Salinity can cause several challenges for plants, including water stress, mal-nutrition and accumulation of excess ions to potentially toxic levels. While salt exclusion, compartmentation and osmoregulation are the mechanisms particularly considered to increase the salt tolerance of plants, tolerance is determined by the integrating effects of several mechanisms at the cell, tissue and organ level. Because roots are in direct contact with the soil solution, they are first to encounter excess salinity and are potentially the first sites of damage or line of defence. However, despite the likelihood that differences among root systems may (partially) underlie distinct salt tolerances, information on the phenotypical and physiological plasticity of root systems under salt stress is scant compared to aboveground organs. This chapter reviews modifications among root size and architecture, morphological and anatomical root traits and root physiology under salinity. Furthermore, root elongation, halotropism and carbon metabolism of roots under salinity are addressed. The review explores the question of whether changes among roots are caused by ion toxicity or whether they could be an active response of plants, which may be of potential adaptive significance. A short overview of the chemical and physical properties of saline soils is given.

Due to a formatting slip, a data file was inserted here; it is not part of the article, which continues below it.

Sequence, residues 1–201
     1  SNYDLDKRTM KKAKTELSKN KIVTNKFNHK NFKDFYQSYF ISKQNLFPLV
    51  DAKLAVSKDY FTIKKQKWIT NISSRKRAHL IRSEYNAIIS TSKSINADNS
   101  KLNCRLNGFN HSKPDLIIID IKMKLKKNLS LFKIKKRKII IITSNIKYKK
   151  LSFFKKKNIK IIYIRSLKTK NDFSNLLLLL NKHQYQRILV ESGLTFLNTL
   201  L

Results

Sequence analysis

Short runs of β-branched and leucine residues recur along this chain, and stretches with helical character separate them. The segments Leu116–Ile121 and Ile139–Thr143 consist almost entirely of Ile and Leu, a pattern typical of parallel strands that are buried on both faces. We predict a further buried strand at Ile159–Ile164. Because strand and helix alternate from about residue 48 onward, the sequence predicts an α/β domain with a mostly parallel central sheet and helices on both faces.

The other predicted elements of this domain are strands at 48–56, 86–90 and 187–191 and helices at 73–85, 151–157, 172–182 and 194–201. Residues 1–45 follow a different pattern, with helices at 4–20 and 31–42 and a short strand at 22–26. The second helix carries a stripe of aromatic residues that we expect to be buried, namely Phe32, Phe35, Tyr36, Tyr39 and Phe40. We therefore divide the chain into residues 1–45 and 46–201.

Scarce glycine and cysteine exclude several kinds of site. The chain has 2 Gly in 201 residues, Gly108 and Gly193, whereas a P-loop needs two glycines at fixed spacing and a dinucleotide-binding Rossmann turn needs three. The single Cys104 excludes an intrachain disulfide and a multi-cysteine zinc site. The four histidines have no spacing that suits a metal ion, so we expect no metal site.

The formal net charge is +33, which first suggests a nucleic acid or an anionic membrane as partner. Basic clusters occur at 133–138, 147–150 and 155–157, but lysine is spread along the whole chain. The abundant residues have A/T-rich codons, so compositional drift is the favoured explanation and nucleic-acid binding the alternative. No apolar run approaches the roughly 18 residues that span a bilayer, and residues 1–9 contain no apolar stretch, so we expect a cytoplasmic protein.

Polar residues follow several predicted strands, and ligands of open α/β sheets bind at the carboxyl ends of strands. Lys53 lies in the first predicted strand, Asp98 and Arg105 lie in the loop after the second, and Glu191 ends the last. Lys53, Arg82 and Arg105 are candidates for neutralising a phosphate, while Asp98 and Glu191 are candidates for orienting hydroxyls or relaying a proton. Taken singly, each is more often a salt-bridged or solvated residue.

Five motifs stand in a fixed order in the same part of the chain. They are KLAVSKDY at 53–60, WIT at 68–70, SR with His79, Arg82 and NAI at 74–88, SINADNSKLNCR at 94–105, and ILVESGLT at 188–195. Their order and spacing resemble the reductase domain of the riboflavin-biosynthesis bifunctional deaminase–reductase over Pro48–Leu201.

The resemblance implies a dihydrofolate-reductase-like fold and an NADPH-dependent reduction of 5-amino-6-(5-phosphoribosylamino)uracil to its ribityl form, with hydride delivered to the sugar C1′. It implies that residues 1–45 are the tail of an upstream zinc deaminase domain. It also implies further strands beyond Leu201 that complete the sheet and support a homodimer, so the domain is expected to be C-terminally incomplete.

|Title of host publication
|Ecophysiology and Responses of Plants under Salt Stress
|Springer New York
|Number of pages
|Published - 1 May 2012
ASJC Scopus subject areas
- General Agricultural and Biological Sciences